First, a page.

Equity, Access, and Data

Our Commitment to Equity

The Kansas Children’s Cabinet and Trust Fund (Children’s Cabinet) recognizes that equitable life outcomes start with an early childhood system that acknowledges the fact that children and families experience disproportionate access and opportunity across race, ethnicity, socio-economic status, gender identity, sexual orientation, physical and developmental abilities, home language, and geography. Equity is an organizing principle of the All in for Kansas Kids Strategic Plan.

The Children’s Cabinet is committed to:

Girl with pig tails smiling

Using data to help ensure equitable access and impact

The Children’s Cabinet is committed to using data in ethical, timely, and responsive ways in partnership with communities and a broad array of experts. For each of the types of funded programs (CIF, CBCAP, ECBG) the Children’s Cabinet aims to explicitly focus on equity as we gather, analyze, and act upon data. We recognize the array of early childhood shareholders in Kansas each come to this work with different perspectives and experiences. The dialogue around achieving diversity, equity, and inclusion, therefore, must be multi-faceted, ongoing, and will evolve over time. At the Children’s Cabinet we collect and analyze data with this mindset using a variety of methods and measures as described below.


Children’s Initiatives Fund (CIF) Programs

Demographics, Socioeconomics, and Geographic Data

CIF programs submit data on populations served by age group and county as part of the annual Accountability Process. Additionally, equity is included as a topic of the annual program interviews where each program describes in detail how their services and mission are geared to impact children and families in Kansas. Programs also submit any reports produced for other purposes that describe data collection and equity information.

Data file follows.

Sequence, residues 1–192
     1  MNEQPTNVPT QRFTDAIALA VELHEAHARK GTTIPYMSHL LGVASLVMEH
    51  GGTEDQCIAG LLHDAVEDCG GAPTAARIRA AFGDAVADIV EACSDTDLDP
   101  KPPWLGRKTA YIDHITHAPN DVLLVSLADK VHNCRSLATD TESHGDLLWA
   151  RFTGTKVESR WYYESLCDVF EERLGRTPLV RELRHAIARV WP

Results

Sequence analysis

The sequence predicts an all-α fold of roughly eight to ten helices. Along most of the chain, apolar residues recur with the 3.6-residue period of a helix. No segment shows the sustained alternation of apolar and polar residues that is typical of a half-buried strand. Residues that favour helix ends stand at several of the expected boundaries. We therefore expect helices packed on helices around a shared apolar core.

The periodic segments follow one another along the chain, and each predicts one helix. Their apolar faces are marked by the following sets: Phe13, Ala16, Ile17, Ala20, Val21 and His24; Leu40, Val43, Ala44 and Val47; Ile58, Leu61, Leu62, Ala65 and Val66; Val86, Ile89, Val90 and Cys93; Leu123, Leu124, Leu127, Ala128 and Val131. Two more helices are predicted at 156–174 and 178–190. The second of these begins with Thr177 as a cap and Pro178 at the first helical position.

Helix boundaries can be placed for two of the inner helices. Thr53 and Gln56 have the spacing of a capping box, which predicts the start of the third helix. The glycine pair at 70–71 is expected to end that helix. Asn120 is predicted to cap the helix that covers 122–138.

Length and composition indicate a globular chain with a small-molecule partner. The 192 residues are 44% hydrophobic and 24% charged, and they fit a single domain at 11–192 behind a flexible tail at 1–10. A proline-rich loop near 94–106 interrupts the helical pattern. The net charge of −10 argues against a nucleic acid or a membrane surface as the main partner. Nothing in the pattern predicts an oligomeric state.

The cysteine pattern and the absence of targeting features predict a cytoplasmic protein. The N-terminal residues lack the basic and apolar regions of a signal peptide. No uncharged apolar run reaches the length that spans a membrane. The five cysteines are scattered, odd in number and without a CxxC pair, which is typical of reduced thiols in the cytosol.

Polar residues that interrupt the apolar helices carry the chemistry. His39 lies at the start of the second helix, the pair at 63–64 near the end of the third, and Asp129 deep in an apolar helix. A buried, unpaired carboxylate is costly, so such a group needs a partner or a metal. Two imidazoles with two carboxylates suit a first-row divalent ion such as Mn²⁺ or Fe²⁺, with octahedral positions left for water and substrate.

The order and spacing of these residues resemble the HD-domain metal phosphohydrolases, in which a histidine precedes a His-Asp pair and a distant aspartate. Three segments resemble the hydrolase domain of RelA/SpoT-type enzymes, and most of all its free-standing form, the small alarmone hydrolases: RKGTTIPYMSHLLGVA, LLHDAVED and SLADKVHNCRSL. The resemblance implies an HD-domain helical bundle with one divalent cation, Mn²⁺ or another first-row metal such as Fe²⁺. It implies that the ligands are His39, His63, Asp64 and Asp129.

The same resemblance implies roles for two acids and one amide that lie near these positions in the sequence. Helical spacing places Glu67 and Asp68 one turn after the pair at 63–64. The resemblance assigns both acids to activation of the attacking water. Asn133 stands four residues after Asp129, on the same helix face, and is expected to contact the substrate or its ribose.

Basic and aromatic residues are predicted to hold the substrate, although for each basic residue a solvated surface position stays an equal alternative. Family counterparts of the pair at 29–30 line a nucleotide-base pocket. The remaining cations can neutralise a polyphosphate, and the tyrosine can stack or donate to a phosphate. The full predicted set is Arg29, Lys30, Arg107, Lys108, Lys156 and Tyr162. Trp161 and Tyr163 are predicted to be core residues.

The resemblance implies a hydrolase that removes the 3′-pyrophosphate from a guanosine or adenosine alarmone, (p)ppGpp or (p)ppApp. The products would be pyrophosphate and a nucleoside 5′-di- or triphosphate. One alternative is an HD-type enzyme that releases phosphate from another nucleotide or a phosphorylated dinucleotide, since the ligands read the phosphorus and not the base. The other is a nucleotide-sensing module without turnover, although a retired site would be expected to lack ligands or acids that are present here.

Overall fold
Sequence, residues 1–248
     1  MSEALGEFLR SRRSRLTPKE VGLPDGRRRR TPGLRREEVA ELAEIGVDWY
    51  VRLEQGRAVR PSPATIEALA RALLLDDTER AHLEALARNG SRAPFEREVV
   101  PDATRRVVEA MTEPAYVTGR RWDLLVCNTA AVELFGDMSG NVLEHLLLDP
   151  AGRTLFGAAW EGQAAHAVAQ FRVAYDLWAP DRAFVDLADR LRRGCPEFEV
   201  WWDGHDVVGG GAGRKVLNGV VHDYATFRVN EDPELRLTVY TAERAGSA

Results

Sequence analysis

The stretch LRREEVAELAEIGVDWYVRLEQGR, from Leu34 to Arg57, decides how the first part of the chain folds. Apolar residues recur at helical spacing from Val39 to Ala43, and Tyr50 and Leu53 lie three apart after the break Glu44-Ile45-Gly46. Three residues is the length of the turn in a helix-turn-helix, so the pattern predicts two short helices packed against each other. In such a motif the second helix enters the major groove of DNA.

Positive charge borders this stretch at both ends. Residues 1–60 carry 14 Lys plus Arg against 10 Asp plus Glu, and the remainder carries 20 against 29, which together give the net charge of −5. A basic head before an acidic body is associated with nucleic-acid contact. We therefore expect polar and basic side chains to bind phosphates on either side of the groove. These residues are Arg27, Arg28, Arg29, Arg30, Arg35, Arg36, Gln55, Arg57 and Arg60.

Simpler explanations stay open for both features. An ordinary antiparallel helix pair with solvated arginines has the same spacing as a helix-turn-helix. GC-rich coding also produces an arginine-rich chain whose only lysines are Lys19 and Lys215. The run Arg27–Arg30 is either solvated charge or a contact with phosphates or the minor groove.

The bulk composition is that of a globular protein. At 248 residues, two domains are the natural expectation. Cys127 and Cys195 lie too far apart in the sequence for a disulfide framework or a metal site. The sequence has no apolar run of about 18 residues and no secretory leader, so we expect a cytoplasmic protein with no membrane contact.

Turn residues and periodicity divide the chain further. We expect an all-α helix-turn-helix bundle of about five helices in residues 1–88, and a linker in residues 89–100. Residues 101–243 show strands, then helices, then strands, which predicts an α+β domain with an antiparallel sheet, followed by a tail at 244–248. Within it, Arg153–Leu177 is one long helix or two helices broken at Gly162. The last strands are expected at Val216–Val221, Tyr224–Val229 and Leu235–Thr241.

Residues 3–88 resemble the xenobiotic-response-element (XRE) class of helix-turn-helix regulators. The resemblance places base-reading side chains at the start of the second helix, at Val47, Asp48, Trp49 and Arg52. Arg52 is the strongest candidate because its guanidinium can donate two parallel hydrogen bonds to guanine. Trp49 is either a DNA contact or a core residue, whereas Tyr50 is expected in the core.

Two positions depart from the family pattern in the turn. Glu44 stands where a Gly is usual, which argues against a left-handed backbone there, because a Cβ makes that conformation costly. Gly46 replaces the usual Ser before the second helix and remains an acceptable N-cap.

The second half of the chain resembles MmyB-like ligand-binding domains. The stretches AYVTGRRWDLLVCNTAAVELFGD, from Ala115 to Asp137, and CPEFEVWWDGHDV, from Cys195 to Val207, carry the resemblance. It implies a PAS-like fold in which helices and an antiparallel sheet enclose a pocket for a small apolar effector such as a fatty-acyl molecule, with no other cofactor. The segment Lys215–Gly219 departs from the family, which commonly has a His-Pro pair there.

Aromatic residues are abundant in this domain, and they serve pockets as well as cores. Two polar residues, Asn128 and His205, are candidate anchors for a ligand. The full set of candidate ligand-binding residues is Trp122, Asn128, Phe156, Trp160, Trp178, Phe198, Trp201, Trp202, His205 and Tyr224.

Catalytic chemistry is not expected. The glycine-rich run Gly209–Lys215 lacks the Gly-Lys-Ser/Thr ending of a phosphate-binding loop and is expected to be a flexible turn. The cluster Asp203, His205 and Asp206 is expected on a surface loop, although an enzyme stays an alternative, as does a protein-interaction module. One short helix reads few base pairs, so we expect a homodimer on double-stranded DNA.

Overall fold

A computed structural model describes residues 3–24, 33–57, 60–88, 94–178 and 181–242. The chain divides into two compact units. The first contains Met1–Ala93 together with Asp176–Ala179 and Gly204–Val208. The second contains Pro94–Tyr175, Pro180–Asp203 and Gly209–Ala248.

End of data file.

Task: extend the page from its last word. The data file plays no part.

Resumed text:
Beginning with the 2023 Accountability Process, equity will be a key focus of research questions guiding the various elements of data collection for the Accountability Process.

Learn more about CIF.

Risk Factors

CIF-funded programs serve a broad range of populations experiencing risk factors. Data are collected separately by each CIF program to understand the unique needs and risks of their service population. Several CIF programs target services to children at risk or already experiencing developmental delays to minimize further delay and promote healthy development. Additional programs target services and interventions that help mitigate risk factors such as those associated with income, education, and foster care.



Early Childhood Block Grant (ECBG) Programs

Geographic Data

Equity has been a central theme for ECBG funding from the beginning. Initial data mapping helped identify communities with the most need, and ongoing data collection helps us understand the kinds of services families are receiving across the state.
Map of direct service provision through ECBG

Demographic and Socioeconomic Data

  • Race, Ethnicity, Gender, Age, Education, Language
  • Marital, Military, and Employment Status
  • Income, Free & Reduced-Price Lunch Status
  • # of people and children in household
  • Housing Status (stable, temporary, homeless/shelter)
  • Migrant Status
  • Teen Parents
  • Caregiver and Children Health Insurance Status
  • Children in Foster Care/Out-of-Home Care
  • Children At-Risk for Established Developmental Delay
  • Child participating in Part B Assistance
  • Child participating in Part C Early Intervention Services

Learn more about ECBG.

Risk Factors

ECBG investments support families that experience at least one of the following risk factors, and in 2021, 44% of the families served had three or more risk factors:

  • Family income qualifying for the federal free and reduced-price lunch program
  • Children in foster care/custody of a relative/out of home/DCF
  • Children and families whose primary language is not English
  • Caregivers with less than a high school education
  • Children at risk for developmental delay or who have an established delay
  • Teen parents
  • Homeless families